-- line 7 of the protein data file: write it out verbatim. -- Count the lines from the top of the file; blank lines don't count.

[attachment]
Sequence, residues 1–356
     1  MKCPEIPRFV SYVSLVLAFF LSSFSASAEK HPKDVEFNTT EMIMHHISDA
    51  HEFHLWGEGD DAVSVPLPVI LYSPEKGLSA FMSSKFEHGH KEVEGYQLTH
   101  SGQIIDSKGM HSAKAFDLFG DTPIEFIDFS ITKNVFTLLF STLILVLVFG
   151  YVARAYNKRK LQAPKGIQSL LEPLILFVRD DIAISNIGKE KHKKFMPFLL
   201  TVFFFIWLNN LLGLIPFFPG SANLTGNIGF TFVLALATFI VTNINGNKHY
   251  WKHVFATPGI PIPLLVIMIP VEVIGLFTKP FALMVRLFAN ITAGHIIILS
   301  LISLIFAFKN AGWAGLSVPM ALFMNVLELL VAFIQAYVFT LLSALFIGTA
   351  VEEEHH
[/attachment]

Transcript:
   251  WKHVFATPGI PIPLLVIMIP VEVIGLFTKP FALMVRLFAN ITAGHIIILS